New era for bicycle aerodynamics dawns

…no truly. Let me tell you more about it. I am also sorry for the lack of posts. This is due to it becoming apparent that some of the most avid readers are from the bike industry and we started seeing our designs under random other brand labels. The tenor of the blog will also thus change somewhat and will cover releases, rather than work in progress, and team and rider stories. Stay tuned.

Back to the subject matter;

Bicycle aerodynamics are very difficult. We all know that most of the aerodynamic drag comes from the rider, and that the frame/wheels do not contribute more than 20-25% to the overall bicycle drag. It is also convenient to think that there isn’t much benefit to improving the bicycle frame and wheels aerodynamics since the assumption is that the current aerodynamics solutions for bicycles are so good that any further improvement is deep into the “diminishing returns” area.

However, improvements are possible, but due to the peculiarities surrounding low speed, low surface area aerodynamics (low Reynolds number), they are very hard to identify and implement. Air behaves very differently in the bicycle racing realm than it does around cars, Formula 1, or air planes. The basic principles are the same, but the “devil is in the detail”. This minor detail is called induced drag. None of the current bicycle designs come close to solving this problem. While just about any medium to high aspect ratio (how long it is versus how thick it is) airfoil, or even truncated airfoil (cf. Kamm) will do very well in zero to shallow angles of attack (yaw), none of them can cope well with higher angles of attack starting at about 5 degrees…or better said, they are all as good as each other with very minor differences. See the image below for visualisation of induced drag at 5 degrees angle of attack. This airfoil is otherwise a very well performing design.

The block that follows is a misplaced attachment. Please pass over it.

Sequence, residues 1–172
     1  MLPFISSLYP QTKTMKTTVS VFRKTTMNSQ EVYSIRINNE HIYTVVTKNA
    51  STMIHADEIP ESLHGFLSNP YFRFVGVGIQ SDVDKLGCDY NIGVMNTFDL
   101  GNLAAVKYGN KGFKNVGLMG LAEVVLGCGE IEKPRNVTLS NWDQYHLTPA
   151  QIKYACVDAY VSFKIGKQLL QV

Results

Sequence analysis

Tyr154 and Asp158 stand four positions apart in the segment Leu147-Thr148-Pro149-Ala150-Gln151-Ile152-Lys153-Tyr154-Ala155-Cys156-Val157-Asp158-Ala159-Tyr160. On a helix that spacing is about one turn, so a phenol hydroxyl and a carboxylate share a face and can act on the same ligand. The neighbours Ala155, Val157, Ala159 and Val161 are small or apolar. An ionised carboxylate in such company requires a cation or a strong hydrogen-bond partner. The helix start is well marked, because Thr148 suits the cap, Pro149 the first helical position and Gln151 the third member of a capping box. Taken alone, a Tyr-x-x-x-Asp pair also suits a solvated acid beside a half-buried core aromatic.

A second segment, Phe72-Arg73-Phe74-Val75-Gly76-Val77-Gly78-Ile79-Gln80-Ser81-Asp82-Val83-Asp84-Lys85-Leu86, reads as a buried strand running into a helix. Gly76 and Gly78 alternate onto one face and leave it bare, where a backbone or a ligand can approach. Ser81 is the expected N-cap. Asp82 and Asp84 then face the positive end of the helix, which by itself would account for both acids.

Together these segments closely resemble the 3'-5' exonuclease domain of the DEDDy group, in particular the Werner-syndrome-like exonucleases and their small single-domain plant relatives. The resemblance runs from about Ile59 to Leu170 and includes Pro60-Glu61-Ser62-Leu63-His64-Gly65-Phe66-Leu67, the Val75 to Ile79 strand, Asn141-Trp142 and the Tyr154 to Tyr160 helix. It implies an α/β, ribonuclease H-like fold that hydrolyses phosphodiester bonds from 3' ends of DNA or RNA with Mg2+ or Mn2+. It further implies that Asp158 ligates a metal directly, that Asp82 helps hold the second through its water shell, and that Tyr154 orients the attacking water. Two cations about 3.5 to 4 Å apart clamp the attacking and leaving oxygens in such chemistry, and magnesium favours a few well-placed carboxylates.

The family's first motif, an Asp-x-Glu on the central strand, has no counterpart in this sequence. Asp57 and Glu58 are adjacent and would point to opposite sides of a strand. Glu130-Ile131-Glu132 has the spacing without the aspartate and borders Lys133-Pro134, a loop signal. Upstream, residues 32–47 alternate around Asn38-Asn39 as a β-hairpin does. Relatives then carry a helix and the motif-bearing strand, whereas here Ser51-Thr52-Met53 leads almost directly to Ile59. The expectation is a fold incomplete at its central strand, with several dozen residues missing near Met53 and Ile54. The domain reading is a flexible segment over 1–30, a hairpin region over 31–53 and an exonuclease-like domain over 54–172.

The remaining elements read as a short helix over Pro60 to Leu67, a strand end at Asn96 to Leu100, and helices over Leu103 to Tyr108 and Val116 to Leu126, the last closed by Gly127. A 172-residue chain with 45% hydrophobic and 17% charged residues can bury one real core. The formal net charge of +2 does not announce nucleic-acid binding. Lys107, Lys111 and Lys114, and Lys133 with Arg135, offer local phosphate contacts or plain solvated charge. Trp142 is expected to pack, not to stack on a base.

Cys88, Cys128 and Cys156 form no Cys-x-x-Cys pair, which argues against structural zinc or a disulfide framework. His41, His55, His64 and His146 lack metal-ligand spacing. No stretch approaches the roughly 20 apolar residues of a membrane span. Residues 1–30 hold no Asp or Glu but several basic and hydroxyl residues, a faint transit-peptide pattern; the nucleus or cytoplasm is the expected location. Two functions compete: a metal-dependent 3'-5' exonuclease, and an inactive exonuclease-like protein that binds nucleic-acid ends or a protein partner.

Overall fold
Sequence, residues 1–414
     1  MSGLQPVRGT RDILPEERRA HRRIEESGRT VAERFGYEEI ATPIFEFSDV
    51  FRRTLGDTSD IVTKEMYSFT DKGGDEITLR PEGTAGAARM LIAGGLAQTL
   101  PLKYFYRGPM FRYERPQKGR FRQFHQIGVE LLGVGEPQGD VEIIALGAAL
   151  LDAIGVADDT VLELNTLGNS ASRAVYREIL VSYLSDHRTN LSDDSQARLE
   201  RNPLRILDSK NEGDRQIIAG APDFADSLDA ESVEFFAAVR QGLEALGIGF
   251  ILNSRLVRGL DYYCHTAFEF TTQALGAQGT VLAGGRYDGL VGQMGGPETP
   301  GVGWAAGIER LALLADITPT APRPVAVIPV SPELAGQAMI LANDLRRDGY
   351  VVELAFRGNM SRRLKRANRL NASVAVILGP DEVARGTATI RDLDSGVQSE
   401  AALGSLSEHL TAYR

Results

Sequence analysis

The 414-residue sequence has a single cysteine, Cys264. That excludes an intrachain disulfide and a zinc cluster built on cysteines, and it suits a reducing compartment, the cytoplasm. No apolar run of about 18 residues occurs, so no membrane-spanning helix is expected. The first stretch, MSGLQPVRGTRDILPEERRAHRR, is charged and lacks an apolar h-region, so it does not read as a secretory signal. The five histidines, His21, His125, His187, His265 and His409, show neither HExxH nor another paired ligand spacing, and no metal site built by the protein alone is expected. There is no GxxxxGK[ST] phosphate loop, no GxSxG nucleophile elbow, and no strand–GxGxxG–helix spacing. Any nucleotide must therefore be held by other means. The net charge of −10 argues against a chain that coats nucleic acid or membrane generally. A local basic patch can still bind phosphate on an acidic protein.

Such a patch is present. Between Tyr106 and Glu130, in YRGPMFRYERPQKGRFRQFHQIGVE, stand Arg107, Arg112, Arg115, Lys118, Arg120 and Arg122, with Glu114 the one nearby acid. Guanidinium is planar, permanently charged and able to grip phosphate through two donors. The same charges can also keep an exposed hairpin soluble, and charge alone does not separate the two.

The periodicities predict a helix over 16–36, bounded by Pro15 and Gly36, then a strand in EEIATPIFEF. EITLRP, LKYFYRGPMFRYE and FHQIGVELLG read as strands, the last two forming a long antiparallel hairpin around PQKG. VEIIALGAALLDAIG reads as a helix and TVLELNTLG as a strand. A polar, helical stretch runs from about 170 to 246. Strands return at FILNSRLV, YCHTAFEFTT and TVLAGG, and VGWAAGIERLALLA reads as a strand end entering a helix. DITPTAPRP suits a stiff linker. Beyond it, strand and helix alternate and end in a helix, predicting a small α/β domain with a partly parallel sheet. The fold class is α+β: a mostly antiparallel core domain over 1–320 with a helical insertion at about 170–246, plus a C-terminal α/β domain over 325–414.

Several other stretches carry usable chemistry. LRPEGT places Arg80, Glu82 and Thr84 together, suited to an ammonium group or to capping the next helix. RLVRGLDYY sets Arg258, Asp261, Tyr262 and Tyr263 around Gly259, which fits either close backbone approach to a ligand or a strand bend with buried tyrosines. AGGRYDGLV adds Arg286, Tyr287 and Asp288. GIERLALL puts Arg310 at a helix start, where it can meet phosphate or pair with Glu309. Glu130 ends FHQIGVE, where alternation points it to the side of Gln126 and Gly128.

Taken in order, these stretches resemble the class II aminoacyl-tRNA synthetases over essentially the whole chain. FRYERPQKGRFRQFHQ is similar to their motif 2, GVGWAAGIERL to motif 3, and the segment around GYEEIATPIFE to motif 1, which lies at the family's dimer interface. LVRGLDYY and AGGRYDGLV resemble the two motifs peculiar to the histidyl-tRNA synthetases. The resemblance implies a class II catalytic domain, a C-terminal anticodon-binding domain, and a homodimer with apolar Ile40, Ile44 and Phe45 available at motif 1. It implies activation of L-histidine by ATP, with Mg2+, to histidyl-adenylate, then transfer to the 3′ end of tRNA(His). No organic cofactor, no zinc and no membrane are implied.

Final 5degree2 New era for bicycle aerodynamics dawns

Extensive vorticity is present, causing significant induced aerodynamic drag.

We will change the lay of the land and deliver the first truly aerodynamic bicycle design, and the first ever airfoil designs that work at the bicycle scale. This is not an empty (vacuous) boast, so how will we do that?

See the press release below…

 

Velocite and NCHC set to revolutionize aerodynamic bicycle design

Velocite Tech Co. Ltd. (Velocite) and the National Centre for High Performance Computing (NCHC), a laboratory under the umbrella of the National Applied Research Laboratories (NARL), Taiwan, have signed a cooperation agreement aimed at solving and developing an aerodynamically optimized bicycle – designed completely by a supercomputer.

Following an exhaustive search for a development partner, Velocite has partnered with the NCHC to develop the next generation of aerodynamic bicycles using specially developed algorithms employing both Computational Fluid Dynamics (CFD) simulation and Genetic Algorithm (GA) optimization engines conceived and written by NCHC researcher Dr. Matthew Smith and a team of researchers from the Applied Computational Engineering (ACE) and Applied Scientific Computing (ASC) divisions.

Among the significant resources that are made available to this joint project is the GPU  supercomputer housed within the NCHC location in the Tainan Science Park. This GPU based supercomputer was constructed and configured by NCHC staff and possesses more than 240 Tesla computing devices and approximately 8.4 TB of total system memory, making it one of the most powerful computer systems in the world.